The Hanoitimes - The equitization of State-owned enterprises (SOEs) has remained unattractive to foreign investors due to regulations on limiting the foreign ownership at 49 percent, experts said, suggesting the government to remove it.
In fact, only about eight deals between large SOEs and foreign strategic investors have been completed over the past years, including Japan’s Bank of Tokyo-Misubishi UFJ to acquire 20 percent stake of VietinBank for US$743 million.
The remaining deals have had small stakes sold to foreign investors, such as Carlsberg’s 17.08 percent stake ($115 million) in Habeco, Mizuho’s 15 percent stake ($550 million) in Vietcombank, ANA’s 8.77 percent stake ($109 million) in Vietnam Airlines, HSBC’s 18 percent stake ($350 million) in Bao Viet Insurance, JX Nippon and Energy’s 10 percent stake ($117 million) in Petrolimex, and Itochu’s 5 percent stake in Vinatex.
Japan’s Bank of Tokyo-Misubishi UFJ acquired 20 percent of VietinBank’s stake.
According to the National Assembly (NA)’s members, many SOEs still only sell 1-2 percent of their charter capital. The equitisation process may prove to be meaningless, as the majority of SOE stakes were still kept by the State, which should perform the function of a regulator and facilitator, not that of a trader.
Meanwhile, foreign investors want to see whether their rights can be protected after a stake purchase and they need to have the management rights to protect their investment in the enterprises.
According to NA deputy Leo Thi Lich representing the northern province of Bac Giang, if the state continues to control the stakes, the performance of enterprises cannot be changed, because they are still managed by sitting people who are often unwilling to sell the stakes to private investors.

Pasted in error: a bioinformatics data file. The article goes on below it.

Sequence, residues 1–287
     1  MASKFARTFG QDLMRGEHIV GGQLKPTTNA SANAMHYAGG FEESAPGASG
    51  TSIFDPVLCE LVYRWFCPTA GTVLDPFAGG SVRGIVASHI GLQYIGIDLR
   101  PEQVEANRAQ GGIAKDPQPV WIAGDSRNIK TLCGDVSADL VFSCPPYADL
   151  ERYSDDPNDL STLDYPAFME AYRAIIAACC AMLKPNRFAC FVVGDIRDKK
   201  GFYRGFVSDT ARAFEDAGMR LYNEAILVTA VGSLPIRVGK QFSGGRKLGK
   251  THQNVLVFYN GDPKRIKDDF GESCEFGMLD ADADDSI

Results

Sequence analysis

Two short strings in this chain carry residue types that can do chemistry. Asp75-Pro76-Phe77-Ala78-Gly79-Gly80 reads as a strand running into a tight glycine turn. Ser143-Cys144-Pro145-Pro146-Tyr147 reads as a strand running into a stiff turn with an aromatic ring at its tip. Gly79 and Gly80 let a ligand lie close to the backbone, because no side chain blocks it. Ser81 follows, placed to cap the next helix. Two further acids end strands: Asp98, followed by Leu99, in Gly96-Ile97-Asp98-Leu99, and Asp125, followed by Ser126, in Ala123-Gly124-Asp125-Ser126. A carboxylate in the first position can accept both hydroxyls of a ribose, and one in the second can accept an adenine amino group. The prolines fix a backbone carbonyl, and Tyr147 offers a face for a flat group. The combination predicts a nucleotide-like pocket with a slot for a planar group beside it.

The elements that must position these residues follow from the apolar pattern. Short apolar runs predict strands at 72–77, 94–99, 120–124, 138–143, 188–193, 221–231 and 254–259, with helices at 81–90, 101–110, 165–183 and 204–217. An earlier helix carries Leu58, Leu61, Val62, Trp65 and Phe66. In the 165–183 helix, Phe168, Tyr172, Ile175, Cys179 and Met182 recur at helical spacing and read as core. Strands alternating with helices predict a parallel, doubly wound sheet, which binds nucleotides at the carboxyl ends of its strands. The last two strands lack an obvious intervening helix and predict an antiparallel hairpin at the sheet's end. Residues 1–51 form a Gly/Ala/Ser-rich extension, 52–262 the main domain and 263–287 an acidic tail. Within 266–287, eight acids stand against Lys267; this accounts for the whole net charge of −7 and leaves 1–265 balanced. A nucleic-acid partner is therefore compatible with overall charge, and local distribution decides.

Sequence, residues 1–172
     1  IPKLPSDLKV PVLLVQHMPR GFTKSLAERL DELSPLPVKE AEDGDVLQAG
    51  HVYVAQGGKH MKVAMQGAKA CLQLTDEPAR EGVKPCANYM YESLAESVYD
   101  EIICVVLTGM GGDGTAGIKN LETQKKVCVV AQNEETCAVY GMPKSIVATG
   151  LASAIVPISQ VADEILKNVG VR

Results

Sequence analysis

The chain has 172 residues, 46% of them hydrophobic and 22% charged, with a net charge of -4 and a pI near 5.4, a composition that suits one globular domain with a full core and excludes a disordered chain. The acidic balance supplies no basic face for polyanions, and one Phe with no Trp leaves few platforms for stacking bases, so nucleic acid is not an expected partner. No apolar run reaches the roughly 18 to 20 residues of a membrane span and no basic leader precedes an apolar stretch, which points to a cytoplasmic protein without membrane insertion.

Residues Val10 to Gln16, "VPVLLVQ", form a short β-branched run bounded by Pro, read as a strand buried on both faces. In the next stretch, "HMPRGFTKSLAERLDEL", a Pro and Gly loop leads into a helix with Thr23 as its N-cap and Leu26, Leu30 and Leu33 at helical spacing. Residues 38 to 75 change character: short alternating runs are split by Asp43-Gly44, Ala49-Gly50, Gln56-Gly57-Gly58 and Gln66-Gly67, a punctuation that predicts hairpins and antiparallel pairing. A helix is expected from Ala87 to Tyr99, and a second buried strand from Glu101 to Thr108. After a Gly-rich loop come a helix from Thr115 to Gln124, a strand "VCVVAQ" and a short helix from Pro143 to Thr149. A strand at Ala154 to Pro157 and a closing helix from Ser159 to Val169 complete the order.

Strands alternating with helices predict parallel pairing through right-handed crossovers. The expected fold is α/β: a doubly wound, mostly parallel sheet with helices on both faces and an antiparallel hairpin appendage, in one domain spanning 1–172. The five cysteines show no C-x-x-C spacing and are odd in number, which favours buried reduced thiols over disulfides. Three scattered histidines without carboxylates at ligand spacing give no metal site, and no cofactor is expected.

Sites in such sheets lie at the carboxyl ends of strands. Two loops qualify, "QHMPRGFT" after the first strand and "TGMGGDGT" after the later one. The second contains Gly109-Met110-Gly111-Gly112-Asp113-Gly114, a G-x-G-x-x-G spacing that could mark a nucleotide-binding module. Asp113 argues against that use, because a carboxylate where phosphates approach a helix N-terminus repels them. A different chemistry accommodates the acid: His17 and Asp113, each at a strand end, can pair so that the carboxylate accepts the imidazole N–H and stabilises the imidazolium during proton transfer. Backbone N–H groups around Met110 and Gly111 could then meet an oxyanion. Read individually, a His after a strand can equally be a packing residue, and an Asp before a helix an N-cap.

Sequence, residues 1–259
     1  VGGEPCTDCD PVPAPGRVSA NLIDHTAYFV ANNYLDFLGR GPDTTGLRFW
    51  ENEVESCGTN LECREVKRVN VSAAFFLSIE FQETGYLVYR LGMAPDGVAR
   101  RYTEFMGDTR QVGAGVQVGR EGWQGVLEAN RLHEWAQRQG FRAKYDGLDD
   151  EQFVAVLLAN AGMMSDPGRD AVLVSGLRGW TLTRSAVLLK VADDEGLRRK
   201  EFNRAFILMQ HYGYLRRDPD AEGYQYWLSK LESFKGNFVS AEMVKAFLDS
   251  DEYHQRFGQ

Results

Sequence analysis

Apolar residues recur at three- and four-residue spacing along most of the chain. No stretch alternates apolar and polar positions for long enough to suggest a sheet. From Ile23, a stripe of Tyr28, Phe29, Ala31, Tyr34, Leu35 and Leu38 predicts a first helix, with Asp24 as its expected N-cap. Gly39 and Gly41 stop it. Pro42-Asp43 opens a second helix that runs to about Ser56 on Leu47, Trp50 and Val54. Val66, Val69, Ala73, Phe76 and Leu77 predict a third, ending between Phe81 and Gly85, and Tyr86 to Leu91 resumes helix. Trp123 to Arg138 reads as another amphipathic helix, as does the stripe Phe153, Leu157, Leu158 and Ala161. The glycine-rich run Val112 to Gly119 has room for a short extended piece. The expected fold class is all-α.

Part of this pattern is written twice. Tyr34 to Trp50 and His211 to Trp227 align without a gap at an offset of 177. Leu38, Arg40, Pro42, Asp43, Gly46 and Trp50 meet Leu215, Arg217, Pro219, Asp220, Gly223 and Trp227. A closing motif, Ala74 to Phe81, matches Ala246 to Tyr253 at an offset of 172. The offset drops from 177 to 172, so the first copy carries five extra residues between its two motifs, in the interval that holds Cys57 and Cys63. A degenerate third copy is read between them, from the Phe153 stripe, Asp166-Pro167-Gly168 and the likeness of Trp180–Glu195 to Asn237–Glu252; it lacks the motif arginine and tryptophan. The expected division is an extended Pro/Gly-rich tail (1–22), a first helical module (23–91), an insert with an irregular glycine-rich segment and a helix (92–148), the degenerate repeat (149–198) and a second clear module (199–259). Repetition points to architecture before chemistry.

NA deputy Tran Van Minh representing the northern province of Quang Ninh stressed that with such low stake rates being on offer, SOEs will not be able to attract private investors, especially strategic ones.
If investors have a larger ownership rate, they can further pursue the reform of SOEs. It is extremely important to increase the ownership rate of strategic investors, who can bring in healthy financial sources and high technologies, as well as access to strong markets. This will ultimately benefit the state budget, Minh said.
Lifting the cap
According to experts, besides becoming less attractive to foreign investors, enterprises will find it hard to succeed post-equitization if they still retain such large amounts of state capital, while holding on to the old structure and outdated technologies.
They suggested that the government should review the equitization of all SOEs and consider relaxing the 49 percent foreign ownership rule to permit foreign strategic investors to hold dominant stakes in industries that do not directly affect national security and sovereignty.
According to NA deputy Mai Thi Anh Tuyet from the southern province of An Giang, only SOEs operating in key sectors of the economy should be kept, and the remaining SOEs should be transformed into joint stock companies.
Results of a report titled "Strategic shareholders in the equitisation of state-owned enterprises" conducted by the Central Institute for Economic Management (CIEM) with supports from the American Chamber of Commerce (Amcham) also showed that the reinforcement of regulations on the foreign ownership limit in specific industries is one of main causes explaining why the equitization process in SOEs has failed to appeal to strategic investors, especially foreign ones.
Based on the outcome of the research, CIEM also recommended that the state should consider allowing foreign investors to hold primary stake in enterprises, especially those in industries unrelated to national security and sovereignty.